Prototype G.I. Joes Fail to Sell (Again) at Auction

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The original, one-of-a-kind GIjOE prototype action figure stands 12-inches tall and was completely hand-crafted by Hasbro artisans to “pitch” the idea as a new toy line for introduction at the 1964 Toy Fair. (Photo: Heritage Auctions)

History For Sale on the Auction Block

The three old warriors stood proudly, almost defiantly, in the bright glare of the auctioneer’s spotlight, their provenance and authenticity emphatically declared to be “impeccable and unassailable.” GIjOE fans and collectors around the world concurred and waited anxiously for the proceedings to unfold “live” over the internet on their computer screens. Auction and GIjOE history was to be made that day. And the next few minutes would be decisive and final.

The three figures in question were hand-crafted “prototype” action figures from the earliest halcyon days of GIjoe’s long and storied history. But on August 10th, 2013, during an eagerly anticipated Heritage Auction held in Dallas, TX, those same hallowed collectibles were being put up for auction, and then just as quickly, would be summarily taken down from the auction block due to (get this)—a lack of bids.

No bids? For the ULTIMATE GIjOE collectibles? How could that be? Surely not for a lack of interest or money. Stunned observers pointed out that a strapless gown “possibly” worn by Marilyn Monroe sold easily for $30,000 at the same auction. And a “heavily repaired” coffee mug and movie script autographed by John Wayne sold for well over $40,000! Clearly, there was money to be spent, but none of the three original, 12-inch prototype GIjOEs, created (and authenticated) by the “Father of GIjOE” himself, Don Levine, attracted even a single buyer willing to meet the minimum bid amounts required to participate. The silence in the auction hall must’ve been deafening.

Were Fans Trying to Send a Message?

Some GIjOE experts believe they understand why the one-of-a-kind figures were so conspicuously “ignored” at an auction. Many collectors believe public auctions to be beneath or “unworthy” of such famous and iconic artifacts. As they watched each unsold prototype GIjOE being sent ingloriously “back to base,” fans attending the auction that day were seen to be both nodding and shaking their heads. But why? What exactly was going through their minds? Hmm…

Is he sad? Angry? Or just relieved? The enigmatic face of the original 1964 hand-crafted GIJoe prototype offers no reaction to his recent non-sale at the Dallas auction. (Photo: Heritage Auctions)

Despite a sluggish world economy, there are still a lot of deep-pocketed, “investment artifact collectors” out there; individuals who are always eager to take advantage of rare purchase opportunities. So it must’ve been something else —something unusual— happening that day. Something bigger than any one person’s collection, bank account or retirement plan. One observer to the auction summed up his own conflicted feelings about the non-sale this way:

“Actually, I’m kinda glad they didn’t sell any of those Joes. They’re all irreplaceable, one-of-a-kind prototypes. In my opinion, they should never be hidden away in any one guy’s basement collection or locked up in a safe deposit box. They’re part of American toy and pop-culture history now. They belong in the biggest and best museum —the Smithsonian Institution— permanently on display so everyone can see, enjoy and appreciate them for generations to come!”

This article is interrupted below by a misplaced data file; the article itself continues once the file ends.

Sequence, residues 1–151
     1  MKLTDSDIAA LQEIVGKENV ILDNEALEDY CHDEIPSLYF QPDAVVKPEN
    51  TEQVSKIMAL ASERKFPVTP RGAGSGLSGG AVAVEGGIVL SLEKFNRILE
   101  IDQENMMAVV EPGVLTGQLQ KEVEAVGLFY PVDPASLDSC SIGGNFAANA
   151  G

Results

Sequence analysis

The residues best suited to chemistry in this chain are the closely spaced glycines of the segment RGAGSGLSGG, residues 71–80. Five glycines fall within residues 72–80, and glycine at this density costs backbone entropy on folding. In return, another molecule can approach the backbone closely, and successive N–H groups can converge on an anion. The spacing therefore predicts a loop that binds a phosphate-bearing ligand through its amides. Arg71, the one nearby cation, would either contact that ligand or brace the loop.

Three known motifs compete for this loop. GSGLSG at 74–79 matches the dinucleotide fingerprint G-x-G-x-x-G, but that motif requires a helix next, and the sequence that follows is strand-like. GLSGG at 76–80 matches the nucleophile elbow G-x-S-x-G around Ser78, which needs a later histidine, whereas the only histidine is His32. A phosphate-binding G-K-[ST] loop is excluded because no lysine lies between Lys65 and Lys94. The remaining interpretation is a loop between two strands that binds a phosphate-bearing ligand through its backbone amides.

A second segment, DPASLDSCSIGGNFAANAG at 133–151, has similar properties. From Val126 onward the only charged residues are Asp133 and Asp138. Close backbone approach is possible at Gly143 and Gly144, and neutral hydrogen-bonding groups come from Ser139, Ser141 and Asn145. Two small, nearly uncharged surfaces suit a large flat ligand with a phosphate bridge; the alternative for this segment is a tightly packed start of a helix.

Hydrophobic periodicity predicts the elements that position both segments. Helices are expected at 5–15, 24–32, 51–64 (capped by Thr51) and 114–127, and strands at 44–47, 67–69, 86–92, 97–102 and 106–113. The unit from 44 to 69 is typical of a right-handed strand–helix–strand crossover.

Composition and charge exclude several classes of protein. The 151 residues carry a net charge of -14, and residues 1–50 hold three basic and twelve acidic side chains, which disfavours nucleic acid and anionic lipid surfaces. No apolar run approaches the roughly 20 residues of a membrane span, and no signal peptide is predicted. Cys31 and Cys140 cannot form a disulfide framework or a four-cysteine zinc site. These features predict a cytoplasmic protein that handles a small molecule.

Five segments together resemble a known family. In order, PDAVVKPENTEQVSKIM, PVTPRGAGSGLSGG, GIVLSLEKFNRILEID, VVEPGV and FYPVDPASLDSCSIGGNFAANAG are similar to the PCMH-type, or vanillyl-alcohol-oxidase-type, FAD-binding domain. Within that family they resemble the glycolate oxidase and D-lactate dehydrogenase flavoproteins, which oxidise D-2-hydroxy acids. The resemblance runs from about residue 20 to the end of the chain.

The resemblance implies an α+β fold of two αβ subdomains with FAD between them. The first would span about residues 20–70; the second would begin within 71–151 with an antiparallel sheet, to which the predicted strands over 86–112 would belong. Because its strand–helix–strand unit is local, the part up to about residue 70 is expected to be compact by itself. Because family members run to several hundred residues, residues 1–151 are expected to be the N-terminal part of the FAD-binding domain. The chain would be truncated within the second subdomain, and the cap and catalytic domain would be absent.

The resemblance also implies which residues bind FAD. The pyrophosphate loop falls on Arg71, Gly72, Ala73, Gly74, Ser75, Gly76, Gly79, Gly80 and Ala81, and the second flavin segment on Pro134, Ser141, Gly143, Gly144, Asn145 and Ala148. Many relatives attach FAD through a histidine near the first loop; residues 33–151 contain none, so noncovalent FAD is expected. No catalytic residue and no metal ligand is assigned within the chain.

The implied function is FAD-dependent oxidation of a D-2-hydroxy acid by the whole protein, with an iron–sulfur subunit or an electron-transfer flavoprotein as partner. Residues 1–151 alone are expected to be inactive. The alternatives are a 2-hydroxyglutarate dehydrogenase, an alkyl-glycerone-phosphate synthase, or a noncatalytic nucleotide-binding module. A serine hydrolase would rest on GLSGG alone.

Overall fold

This prototype is a little further along the design "chain" and features a raw, unpainted headsculpt, rubber ball hip sockets, and early versions of the chest and hip sections. Much would change before this figure would be accepted and go into actual mass-production. (Photo: Heritage Auctions)

This second prototype is a little further along the design chain than the initial “pitch” version. It features a raw, unpainted headsculpt, rubber balls for hip sockets, and early versions of the chest and hip sections. There were many refinements still to be made before the figure could be put into mass-production. (Photo: Heritage Auctions)

For Those Who May Not Recall…

After storing the prototype GIjOEs, molds and accessories in an ordinary box in his closet at home (for four decades), Don Levine finally decided to sell the items at auction in 2003. Interestingly, the rarest item, the very same hand-crafted GIjOE (shown above) failed to sell at that first auction as well. But Baltimore-based businessman and pop-culture collector, Steve Geppi, eventually offered Levine a whopping $200,000 for the figure and the sale was made. At the time, Geppi explained the reasons behind his expensive purchase with a belief that it was about something “more” than just enhancing his own personal collection:

“While GIjOE is an integral part of American pop culture, he has always stood for something MORE. He is a hero who represents all of the American servicemen who made—and continue to make—great sacrifices to ensure the triumph of liberty and democracy. I am honored to own this unique part of Americana.”

Flash Forward to 2013

Mr. Geppi is now willing to relinquish ownership of the world’s most famous action figure—but only at the right price. Unfortunately (for Geppi), his minimum bid requirement was set too high and the iconic one-of-a-kind original (plus two other prototypes) remained unsold as of press time for this article. Will another deep-pocketed collector step up and approach Geppi outside of the auction venue? What happens next remains to be seen. Until then, take a look at these…

This view of the original figure's sergeant rank chevrons and 3rd infantry division patch, taken closer up than any previously released photo, clearly reveals they are made not of fabric, but rather, some sort of metallic and relective plastic. (Photo: Heritage Auctions)

This view of the original figure’s sergeant chevrons and 3rd ID patch, taken closer up than any previously released photo, clearly reveals they are made not of fabric, but rather, some sort of reflective plastic or metal. (Photo: Heritage Auctions)

Auction Photos Provide Unexpected Resource Boon To GIjOE Historians